Financial Empowerment

Financial wellness for women: a work in progress

As we look back on International Women's Day 2024, it's vital to acknowledge the considerable advancements women have made in ensuring their financial security. Although women invest more money than ever before, they still face many issues., such as the gender pay gap as well as a sense of hesitation when it comes to investing. Much work still needs to be done to accelerate women's financial wellness. Dive into the article below to learn more.

As International Women’s Day 2024 fades into the rearview mirror, it’s important to recognize the major strides women have made when it comes to their financial well-being. More women are investing than ever before: according to the Motley Fool, as of 2023, around 60% of women invest in the stock market. This statistic indicates a significant improvement considering the historical rate of 40%.

However, women continue to face challenges due to the gender pay gap as well as a sense of hesitation when it comes to investing. There continues to be wide gaps across generations of women, although the future remains bright. Moreover, there needs to be a general understanding of how investing for women may differ from men due to certain factors, such as average life expectancy and family care responsibilities.

In this article, we take a look at the trends within women’s investing and extrapolate towards the future of women investing for those looking to accelerate women’s financial wellness.

New generations of women investors are bucking trends

Traditionally, financial planning has been seen as the purview of men, leaving women less likely to invest. That’s why, even today, the median retirement account balance is 44% lower for women than for men. According to a study by Vanguard, the median balance for men is $45,106, whereas it is $31,291 for women.

However, as seen in the investing habits of younger generations of women, this trend seems to be changing. According to the Motley Fool, 68% of women are saving for retirement and 60% of women are investing in the stock market.

Women are investing at younger ages as well: 71% of Gen-Z women and 63% of millennial women are investing, while this number decreases into Gen X and Baby Boomers, to 55% and 57%, respectively. Moreover, women are starting to open brokerage accounts earlier, giving more time for compound interest to accrue. According to Fidelity, women between the ages of 18 to 35 first opened a brokerage account at age 21, on average, and a retirement account at age 20, on average. For women aged 36 and older, the average age to first open a brokerage account was 30, and a retirement account at age 27.

Women are more disciplined investors

Numerous studies have been conducted on investment returns by gender, and many of them have found that women investors tend to outperform men.

A 2017 Fidelity report found that the difference was 0.4%, while a study by the Warwick Business School found that women investors outperformed the FTSE 100 by 1.94% whereas men outperformed the same index by 0.14%.

Comparatively, women are also more conservative investors, taking on less risky assets and opting for bonds rather than stocks. While this may be the appropriate approach for older generations, like Gen X and Baby Boomers who are quickly approaching or already in retirement, it may be holding younger investors, like Gen-Z and Millennials back from greater gains.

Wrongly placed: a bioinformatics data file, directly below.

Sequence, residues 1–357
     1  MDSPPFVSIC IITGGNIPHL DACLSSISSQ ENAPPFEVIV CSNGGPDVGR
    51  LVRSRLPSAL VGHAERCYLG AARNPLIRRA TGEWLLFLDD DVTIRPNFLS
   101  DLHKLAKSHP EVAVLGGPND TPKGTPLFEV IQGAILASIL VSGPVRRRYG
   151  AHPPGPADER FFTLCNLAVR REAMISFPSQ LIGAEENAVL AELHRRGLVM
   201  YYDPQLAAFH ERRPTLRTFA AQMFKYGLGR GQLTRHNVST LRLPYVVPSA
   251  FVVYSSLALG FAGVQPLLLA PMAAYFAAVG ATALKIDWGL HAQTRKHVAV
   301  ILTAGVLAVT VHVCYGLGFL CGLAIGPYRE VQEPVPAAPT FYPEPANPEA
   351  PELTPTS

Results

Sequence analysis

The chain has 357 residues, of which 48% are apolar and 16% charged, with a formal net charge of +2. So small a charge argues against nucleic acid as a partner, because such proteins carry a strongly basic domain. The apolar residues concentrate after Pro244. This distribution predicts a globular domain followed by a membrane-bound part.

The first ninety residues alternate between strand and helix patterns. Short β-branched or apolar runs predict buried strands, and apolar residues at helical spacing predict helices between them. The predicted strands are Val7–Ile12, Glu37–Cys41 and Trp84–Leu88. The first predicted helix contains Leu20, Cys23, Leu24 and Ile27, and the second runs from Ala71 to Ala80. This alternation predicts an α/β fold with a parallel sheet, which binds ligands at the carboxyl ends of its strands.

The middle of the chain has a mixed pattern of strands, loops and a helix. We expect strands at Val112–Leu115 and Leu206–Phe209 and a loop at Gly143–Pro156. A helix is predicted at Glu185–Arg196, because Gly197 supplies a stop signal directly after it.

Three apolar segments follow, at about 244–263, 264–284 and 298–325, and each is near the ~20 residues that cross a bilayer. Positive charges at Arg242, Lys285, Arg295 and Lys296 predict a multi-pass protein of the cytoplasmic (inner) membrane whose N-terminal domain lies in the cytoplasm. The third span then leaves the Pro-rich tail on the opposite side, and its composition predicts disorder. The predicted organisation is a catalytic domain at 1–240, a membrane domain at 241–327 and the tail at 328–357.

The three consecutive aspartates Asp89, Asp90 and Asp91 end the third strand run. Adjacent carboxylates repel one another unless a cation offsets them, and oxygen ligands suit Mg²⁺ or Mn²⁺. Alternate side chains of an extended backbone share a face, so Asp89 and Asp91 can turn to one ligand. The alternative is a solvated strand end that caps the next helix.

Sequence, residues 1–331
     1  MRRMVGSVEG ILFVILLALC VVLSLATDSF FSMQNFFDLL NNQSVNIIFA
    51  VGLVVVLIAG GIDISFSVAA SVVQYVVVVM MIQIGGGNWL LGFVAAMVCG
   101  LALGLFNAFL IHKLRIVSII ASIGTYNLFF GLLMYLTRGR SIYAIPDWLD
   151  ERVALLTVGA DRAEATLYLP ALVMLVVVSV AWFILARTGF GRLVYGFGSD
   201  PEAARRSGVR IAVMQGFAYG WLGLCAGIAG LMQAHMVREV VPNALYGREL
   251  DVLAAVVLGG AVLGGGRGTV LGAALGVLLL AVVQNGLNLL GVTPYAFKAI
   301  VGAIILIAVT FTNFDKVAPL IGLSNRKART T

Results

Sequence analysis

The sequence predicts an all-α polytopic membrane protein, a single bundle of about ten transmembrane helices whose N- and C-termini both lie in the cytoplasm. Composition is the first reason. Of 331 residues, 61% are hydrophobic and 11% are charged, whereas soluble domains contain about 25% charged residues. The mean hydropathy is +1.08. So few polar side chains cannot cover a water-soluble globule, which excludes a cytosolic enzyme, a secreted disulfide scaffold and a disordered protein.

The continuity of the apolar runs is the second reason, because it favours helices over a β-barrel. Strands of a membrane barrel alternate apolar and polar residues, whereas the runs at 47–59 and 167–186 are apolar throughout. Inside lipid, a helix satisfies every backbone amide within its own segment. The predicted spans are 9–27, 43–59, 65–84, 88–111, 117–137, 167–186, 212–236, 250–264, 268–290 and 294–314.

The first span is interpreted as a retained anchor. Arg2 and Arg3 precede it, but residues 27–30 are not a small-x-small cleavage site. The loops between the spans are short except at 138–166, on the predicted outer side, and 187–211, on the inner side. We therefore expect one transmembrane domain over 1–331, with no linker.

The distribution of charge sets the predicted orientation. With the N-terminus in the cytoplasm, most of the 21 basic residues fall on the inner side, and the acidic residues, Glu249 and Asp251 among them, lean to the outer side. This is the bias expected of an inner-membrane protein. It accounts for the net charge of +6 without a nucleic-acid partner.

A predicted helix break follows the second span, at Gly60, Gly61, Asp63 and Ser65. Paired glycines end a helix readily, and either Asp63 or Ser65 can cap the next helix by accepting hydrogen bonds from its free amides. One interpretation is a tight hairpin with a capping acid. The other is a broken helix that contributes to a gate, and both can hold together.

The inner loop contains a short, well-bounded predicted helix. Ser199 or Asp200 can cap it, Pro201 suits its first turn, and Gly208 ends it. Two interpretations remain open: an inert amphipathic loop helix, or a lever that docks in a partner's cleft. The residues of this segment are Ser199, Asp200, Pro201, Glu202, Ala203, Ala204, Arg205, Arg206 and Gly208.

This conservatism may also translate into women’s attitudes toward volatility in the market. Market fluctuations make less impact on women’s trades than men. An Ellevest study found that 38% of women reported feeling concerned about market volatility compared to 58% of men.

The future of women investing

If the numbers are anything to go by, the future of investing for women looks bright. However, there are still challenges to overcome, such as the gender pay gap, different risk strategies for life stages, the burden of care and more.

Organizations, companies and individuals looking to improve women’s investment need to continue to focus on younger generations and disseminate financial information. This information should include investment strategies as well as how to improve pay over the long term through asking for commensurate pay raises. Moreover, there needs to continue to be focus on the outsized role that women take on as primary caretakers of children and older parents.

How Olive is bridging the gap

At Olive, we are committed to helping millions of people worldwide achieve positive financial outcomes with our card-linking platform.

Our mission is to help millions of people worldwide achieve positive financial outcomes with our embedded finance platform, especially women who are underrepresented. Our tools allow managers to provide easy, turnkey customer solutions that simplify investing for women. With card-linking, women can enjoy micro-investing through rounding. Rounding powered by card-linking is a tool that can reduce the barriers for women in their investment journey.

Rounding facilitates fractional investing, making it easier for women to diversify their holdings even with limited funds. Imagine rounding up everyday purchases to the nearest dollar or any chosen amount and investing the difference and all without changing shopping habits. That is the power of card-linking technology. Olive helps money managers, empowers your customers to turn every purchase they make into micro-deposits into their accounts with you.

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